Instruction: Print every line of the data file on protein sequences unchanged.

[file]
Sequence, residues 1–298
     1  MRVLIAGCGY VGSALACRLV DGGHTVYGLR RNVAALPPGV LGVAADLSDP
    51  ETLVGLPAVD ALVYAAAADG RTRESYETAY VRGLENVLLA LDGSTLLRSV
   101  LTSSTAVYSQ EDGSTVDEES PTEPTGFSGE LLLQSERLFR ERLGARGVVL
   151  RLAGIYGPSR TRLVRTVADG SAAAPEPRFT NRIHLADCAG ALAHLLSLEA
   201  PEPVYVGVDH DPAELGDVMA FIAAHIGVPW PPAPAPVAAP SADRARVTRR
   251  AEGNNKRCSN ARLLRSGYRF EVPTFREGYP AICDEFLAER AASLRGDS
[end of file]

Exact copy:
Sequence, residues 1–298
     1  MRVLIAGCGY VGSALACRLV DGGHTVYGLR RNVAALPPGV LGVAADLSDP
    51  ETLVGLPAVD ALVYAAAADG RTRESYETAY VRGLENVLLA LDGSTLLRSV
   101  LTSSTAVYSQ EDGSTVDEES PTEPTGFSGE LLLQSERLFR ERLGARGVVL
   151  RLAGIYGPSR TRLVRTVADG SAAAPEPRFT NRIHLADCAG ALAHLLSLEA
   201  PEPVYVGVDH DPAELGDVMA FIAAHIGVPW PPAPAPVAAP SADRARVTRR
   251  AEGNNKRCSN ARLLRSGYRF EVPTFREGYP AICDEFLAER AASLRGDS